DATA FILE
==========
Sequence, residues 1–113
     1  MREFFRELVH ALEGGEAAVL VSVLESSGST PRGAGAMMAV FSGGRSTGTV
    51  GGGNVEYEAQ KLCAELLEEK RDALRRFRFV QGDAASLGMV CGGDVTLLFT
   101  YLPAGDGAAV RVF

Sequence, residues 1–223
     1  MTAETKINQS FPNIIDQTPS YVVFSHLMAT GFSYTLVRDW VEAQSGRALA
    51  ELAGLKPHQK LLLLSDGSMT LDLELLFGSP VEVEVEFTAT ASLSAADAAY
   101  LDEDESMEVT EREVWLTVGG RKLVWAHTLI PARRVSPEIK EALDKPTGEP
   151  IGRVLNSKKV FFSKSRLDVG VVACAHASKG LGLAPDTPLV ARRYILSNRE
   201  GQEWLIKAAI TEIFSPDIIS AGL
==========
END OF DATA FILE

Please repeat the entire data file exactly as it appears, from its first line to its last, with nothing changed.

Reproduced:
Sequence, residues 1–113
     1  MREFFRELVH ALEGGEAAVL VSVLESSGST PRGAGAMMAV FSGGRSTGTV
    51  GGGNVEYEAQ KLCAELLEEK RDALRRFRFV QGDAASLGMV CGGDVTLLFT
   101  YLPAGDGAAV RVF

Sequence, residues 1–223
     1  MTAETKINQS FPNIIDQTPS YVVFSHLMAT GFSYTLVRDW VEAQSGRALA
    51  ELAGLKPHQK LLLLSDGSMT LDLELLFGSP VEVEVEFTAT ASLSAADAAY
   101  LDEDESMEVT EREVWLTVGG RKLVWAHTLI PARRVSPEIK EALDKPTGEP
   151  IGRVLNSKKV FFSKSRLDVG VVACAHASKG LGLAPDTPLV ARRYILSNRE
   201  GQEWLIKAAI TEIFSPDIIS AGL